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J Public Health Dent. 2008 Spring;68(2):94-101. doi: 10.1111/j.1752-7325.2007.00077.x.

Prevalence of early childhood caries in a population of children with history of maltreatment.

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1
Department of Biological and Diagnostic Sciences, Faculty of Dentistry, University of Toronto, Toronto, Ontario, Canada.

Abstract

OBJECTIVE:

The purpose of this study was to investigate the prevalence of early childhood caries (ECC) in a population of maltreated children in Toronto, Ontario, Canada.

METHODS:

The sample consisted of preschool-aged children (2 to 6 years) admitted to the care of the Children's Aid Society of Toronto (CAST) between 1991 and 2004. Data were collected by reviewing the dental and social workers' records of CAST ECC was determined using the decayed, missing, and filled deciduous teeth (dmft) index. The type and severity of maltreatment were obtained from the Eligibility Spectrum.

RESULTS:

The study included 66 children: 37 (56 percent) boys and 29 (44 percent) girls, with an average age of 4.1 years [standard deviation (SD) = 1.2]. Four (6 percent) children had evidence of dental injury, and none had teeth filled or extracted as a result of decay ECC was observed in 58 percent of the abused children. Of these, the mean decayed teeth ("dt") value was 5.63 (SD = 4.17, n = 38) and 3.24 (SD= 4.21) for the whole sample (n = 66). The proportion of children with untreated caries was 57 percent among "neglected" children (n = 53) and 62 percent in physically/sexually abused cases (n = 13). Logistic regression revealed that children in permanent CAST care and those in its care more than once were significantly less likely to have experienced caries.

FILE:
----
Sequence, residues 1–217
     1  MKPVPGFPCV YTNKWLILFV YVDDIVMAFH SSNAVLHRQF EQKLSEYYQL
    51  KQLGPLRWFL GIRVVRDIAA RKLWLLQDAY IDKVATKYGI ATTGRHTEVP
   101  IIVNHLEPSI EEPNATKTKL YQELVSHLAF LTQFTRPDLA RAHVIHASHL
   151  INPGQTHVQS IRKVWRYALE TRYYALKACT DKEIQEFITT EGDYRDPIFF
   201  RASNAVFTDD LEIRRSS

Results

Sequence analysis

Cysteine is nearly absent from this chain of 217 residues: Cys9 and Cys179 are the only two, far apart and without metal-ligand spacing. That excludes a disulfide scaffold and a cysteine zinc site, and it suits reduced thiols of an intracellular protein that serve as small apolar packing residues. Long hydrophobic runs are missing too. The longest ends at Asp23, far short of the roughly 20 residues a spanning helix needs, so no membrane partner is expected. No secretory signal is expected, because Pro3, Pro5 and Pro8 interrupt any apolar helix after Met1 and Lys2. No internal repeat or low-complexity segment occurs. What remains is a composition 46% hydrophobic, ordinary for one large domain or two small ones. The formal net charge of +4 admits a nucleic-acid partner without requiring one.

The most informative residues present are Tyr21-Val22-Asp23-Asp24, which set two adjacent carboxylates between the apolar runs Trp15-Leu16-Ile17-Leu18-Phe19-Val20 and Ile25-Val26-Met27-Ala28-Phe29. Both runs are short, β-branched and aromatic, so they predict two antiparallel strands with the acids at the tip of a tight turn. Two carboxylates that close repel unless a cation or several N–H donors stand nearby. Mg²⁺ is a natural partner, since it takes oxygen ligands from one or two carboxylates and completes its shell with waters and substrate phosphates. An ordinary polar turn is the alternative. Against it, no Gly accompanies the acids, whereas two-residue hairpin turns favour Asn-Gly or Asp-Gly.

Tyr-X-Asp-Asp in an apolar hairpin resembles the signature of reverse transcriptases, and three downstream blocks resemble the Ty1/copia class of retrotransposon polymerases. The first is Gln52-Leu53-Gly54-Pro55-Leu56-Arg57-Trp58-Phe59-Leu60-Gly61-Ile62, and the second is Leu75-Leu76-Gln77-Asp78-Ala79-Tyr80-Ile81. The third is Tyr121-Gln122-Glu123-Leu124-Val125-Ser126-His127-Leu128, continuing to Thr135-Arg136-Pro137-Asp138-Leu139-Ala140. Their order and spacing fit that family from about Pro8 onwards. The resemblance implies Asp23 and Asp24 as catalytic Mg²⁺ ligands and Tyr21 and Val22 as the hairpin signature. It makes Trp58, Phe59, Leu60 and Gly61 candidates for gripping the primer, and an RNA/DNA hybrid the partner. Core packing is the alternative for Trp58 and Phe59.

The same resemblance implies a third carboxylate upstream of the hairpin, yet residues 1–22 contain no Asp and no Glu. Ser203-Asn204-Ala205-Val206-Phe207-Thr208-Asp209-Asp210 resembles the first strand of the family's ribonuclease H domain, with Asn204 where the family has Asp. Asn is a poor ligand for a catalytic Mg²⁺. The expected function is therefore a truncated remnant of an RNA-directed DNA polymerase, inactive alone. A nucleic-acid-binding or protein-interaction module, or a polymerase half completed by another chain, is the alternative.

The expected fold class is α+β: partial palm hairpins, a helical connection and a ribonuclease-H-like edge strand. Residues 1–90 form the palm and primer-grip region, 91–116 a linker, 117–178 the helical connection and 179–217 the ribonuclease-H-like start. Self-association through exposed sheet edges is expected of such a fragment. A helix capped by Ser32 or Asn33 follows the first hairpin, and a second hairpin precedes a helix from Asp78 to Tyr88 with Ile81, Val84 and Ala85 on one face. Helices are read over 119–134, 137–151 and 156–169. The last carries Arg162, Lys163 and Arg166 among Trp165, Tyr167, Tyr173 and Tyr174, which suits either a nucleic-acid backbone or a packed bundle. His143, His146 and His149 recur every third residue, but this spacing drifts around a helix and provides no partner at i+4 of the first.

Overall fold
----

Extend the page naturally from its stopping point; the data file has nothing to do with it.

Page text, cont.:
CONCLUSIONS:

Abused and neglected young children had higher levels of tooth decay than the general population of 5-year-olds in Toronto (30 percent prevalence, mean dt= 0.42, SD = 1.20, n = 3185). However, this study did not find any difference in ECC prevalence between children with different types of maltreatment. The study did find that CAST services had a protective effect on children's oral health, which supports the recommendation that child protection services should investigate possible dental neglect in physical/sexual abuse and neglect cases.

[Indexed for MEDLINE]

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